The streaming revolution is taking over. In the U.S., traditional media companies are merging and scrambling to catch up to Netflix, which invented the streaming concept and has a multiyear lead on rivals.

Meanwhile in China, each of the country's leading tech companies picked up on the streaming concept early. The early leader was iQIYI, which was partially spun out of Chinese search engine giant Baidu (BIDU -1.13%) last year. However, in 2017, Tencent (TCEHY 0.33%) Video passed iQIYI in terms of subscribers, though both are growing by leaps and bounds and are currently neck-and-neck for Chinese streaming supremacy.

So, which streaming leader – Netflix or iQIYI -- looks like the best bet today?

A young woman watches a show on her laptop listening to headphones and eating popcorn.

Image source: Getty Images.

Subscriber and revenue growth

Since both Netflix and iQIYI are growth companies, analysts often first look to their top lines. For Netflix, that means subscriber and revenue growth. Netflix has also been able to raise its prices in recent years, adding revenue above and beyond its mere subscription figures.

iQIYI, on the other hand, gets revenue from both premium subscribers and advertising from its free video offering. In that sense, iQIYI may be more like a mix of YouTube and Netflix, rather than a direct parallel.


2018 Subscriber Growth

2018 Revenue Growth

Netflix (NFLX 1.74%)



iQIYI (IQ 0.21%)



Source: Netflix and iQIYI annual reports. Table by author.

Looking purely at the subscriber growth rates, it's clear that iQIYI is the winner here; however, there is more to the story.

Netflix has a mix of both domestic and international addressable markets. Netflix's domestic subscriber growth slowed in 2018 to just 11%, as it gets closer to U.S. saturation. On the other hand, Netflix's international segment surged 40%, matching the growth rate from a year earlier. Netflix had a subscriber base roughly twice the size of iQIYI's at the start of last year, so these lower growth numbers are still wildly impressive. In addition, the international segment's gains should sustain Netflix's overall growth at pretty high levels for the foreseeable future.

On the other hand, iQIYI also has some impressive underlying dynamics. Though its subscriber growth actually exceeded revenue growth, it wasn't due to price cuts. Membership revenue actually grew 72.3%, in line with subscriber growth.

The lower overall growth rate came from a lower advertising growth rate of just 21.2%. Advertising had been a larger part of iQIYI's base until last year, when subscription revenue surpassed advertising as the company's largest segment. Like Netflix, it appears iQIYI can sustain a high growth rate for the next few years at least.

Winner: iQIYI

Profitability (or lack thereof)

Of course, there's more to a company's value than its revenue growth. At some point, investors need to have a line of sight to profits.

With media companies, the costs of production can be a bit strange from an accounting perspective. Media companies usually capitalize their current content spend, and then amortize the portion of that "investment" that lines up with subscription revenue over the life of the show or movie. It's an imperfect system, but the total actual spend is still fully reflected on the cash flow statement.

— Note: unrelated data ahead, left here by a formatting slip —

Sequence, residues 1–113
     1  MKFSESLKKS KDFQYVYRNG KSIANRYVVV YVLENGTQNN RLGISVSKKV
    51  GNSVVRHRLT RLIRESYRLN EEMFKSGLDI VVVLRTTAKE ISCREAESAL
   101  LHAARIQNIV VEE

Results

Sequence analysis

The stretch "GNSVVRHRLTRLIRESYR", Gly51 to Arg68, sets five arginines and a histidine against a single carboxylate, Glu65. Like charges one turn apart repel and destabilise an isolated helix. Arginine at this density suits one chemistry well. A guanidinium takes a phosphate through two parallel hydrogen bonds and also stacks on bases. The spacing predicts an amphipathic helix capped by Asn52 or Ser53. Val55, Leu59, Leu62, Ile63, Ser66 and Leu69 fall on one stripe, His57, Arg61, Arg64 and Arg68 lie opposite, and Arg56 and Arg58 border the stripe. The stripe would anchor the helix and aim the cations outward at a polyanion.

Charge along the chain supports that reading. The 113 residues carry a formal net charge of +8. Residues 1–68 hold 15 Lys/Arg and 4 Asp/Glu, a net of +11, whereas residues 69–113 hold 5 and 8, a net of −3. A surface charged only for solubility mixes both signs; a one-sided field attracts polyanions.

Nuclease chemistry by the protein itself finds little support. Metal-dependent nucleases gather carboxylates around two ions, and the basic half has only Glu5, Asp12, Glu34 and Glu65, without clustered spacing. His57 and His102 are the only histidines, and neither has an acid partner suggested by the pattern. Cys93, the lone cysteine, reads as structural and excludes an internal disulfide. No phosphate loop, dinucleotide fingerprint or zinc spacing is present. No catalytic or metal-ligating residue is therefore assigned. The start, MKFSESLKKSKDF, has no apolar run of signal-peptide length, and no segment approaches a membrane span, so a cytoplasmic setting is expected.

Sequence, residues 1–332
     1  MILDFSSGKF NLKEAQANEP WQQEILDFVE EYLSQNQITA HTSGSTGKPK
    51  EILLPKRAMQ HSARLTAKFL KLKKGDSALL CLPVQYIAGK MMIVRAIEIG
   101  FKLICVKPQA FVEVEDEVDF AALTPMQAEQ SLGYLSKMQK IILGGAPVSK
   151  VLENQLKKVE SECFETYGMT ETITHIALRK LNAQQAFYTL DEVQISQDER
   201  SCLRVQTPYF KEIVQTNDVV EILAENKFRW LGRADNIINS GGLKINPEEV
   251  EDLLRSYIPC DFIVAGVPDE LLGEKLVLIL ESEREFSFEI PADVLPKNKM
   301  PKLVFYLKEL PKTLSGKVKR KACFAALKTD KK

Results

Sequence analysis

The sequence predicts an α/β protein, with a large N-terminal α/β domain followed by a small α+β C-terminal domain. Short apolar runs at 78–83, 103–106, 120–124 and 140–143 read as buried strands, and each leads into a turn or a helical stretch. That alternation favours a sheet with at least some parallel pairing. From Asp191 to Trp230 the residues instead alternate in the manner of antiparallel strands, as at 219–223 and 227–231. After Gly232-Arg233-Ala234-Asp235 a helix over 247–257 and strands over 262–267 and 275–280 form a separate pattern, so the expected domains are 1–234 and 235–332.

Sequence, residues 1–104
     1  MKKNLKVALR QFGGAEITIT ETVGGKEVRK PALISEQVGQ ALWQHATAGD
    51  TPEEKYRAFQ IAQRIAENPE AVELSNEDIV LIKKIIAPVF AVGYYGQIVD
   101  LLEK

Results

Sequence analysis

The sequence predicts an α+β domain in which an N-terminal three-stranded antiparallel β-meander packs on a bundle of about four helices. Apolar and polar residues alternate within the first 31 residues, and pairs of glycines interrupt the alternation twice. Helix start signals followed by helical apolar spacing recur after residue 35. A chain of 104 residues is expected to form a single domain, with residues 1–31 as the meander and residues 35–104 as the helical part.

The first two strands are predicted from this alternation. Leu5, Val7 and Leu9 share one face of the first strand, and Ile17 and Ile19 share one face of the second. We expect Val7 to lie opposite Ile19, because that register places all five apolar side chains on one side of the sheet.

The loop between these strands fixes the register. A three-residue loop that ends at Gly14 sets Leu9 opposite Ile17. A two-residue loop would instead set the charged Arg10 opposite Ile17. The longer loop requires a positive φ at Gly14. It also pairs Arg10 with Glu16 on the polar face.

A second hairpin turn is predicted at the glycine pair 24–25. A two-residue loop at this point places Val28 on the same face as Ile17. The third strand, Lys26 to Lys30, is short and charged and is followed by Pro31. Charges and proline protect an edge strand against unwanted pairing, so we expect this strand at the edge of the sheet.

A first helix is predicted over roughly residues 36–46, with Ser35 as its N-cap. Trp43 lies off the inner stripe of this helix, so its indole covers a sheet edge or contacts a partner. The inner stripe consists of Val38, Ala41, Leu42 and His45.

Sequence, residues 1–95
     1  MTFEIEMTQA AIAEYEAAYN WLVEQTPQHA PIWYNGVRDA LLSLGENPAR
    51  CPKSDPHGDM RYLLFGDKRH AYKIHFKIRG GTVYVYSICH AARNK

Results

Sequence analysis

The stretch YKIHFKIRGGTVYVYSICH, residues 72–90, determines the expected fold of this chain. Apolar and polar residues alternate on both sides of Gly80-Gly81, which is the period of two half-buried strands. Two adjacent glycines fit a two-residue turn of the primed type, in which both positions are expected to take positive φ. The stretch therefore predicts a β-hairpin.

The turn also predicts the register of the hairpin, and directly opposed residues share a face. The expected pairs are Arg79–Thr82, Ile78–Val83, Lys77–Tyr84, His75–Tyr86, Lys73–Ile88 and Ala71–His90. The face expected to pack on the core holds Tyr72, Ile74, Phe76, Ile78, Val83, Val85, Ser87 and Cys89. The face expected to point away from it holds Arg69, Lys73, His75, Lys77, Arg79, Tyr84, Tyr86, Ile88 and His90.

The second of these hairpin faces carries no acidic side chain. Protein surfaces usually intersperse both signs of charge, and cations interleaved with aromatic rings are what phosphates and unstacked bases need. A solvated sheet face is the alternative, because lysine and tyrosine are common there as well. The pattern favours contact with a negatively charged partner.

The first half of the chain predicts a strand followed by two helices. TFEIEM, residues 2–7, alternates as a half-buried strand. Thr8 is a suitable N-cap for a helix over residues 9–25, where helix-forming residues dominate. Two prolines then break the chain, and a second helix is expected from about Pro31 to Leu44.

For instance, Netflix, on a GAAP basis, is actually profitable. The company posted an operating profit of about $1.6 billion and an operating margin of just over 10% in 2018. That is  infinitely better than iQIYI, which not only posted a negative operating margin of (33%) but a negative gross margin of (8.6%) in 2018 as well. That's right -- The company paid more for content, even on a capitalized basis, than it took in revenue.

Of course, Netflix is still posting negative free cash flow, as it outspent its content amortization in 2018 by about $5.5 billion. All in all, Netflix still posted negative operating cash flows of ($2.68 billion), for a negative (17%) operating cash flow margin. Meanwhile, iQIYI's operating cash flow minus content spend was roughly negative (40%) of revenue.

Winner: Netflix


Since both companies are basically unprofitable, let's take a look at their price-to-sales ratios for valuation.

Netflix just reported first-quarter earnings and iQIYI hasn't reported yet, so let's go off their year-end 2018 sales. iQIYI currently trades for about 4.75 times 2018 sales, while Netflix trades at a much higher 10.6 times 2018 sales.

So, with higher growth and trading at less than half Netflix's valuation, iQIYI seems like the bigger bargain here. 

But remember, while iQIYI may have a more exciting upside, it also comes with bigger risks. iQIYI is somewhat limited by its home market of China, while Netflix is aiming to take over the rest of the world. iQIYI is also in fierce competition with local giants Tencent and Youku Tudou, and  is obviously spending huge amounts on content to compete. Meanwhile, Netflix is more profitable, and the clear leader in global streaming -- though it has emerging competitive concerns as well.

Therefore, risk-off investors should probably opt for Netflix -- though if you're a risk-off investor, you may wish to own safer, more profitable stocks than either of these two.